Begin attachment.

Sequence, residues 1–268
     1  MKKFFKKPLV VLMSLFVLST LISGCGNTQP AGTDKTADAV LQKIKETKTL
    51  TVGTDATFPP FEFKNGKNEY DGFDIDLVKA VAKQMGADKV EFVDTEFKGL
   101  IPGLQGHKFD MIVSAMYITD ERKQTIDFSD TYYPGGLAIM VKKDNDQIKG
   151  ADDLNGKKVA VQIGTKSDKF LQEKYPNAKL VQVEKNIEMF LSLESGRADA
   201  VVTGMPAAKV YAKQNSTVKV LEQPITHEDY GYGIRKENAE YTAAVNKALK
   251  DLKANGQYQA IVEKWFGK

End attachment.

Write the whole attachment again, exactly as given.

Sequence, residues 1–268
     1  MKKFFKKPLV VLMSLFVLST LISGCGNTQP AGTDKTADAV LQKIKETKTL
    51  TVGTDATFPP FEFKNGKNEY DGFDIDLVKA VAKQMGADKV EFVDTEFKGL
   101  IPGLQGHKFD MIVSAMYITD ERKQTIDFSD TYYPGGLAIM VKKDNDQIKG
   151  ADDLNGKKVA VQIGTKSDKF LQEKYPNAKL VQVEKNIEMF LSLESGRADA
   201  VVTGMPAAKV YAKQNSTVKV LEQPITHEDY GYGIRKENAE YTAAVNKALK
   251  DLKANGQYQA IVEKWFGK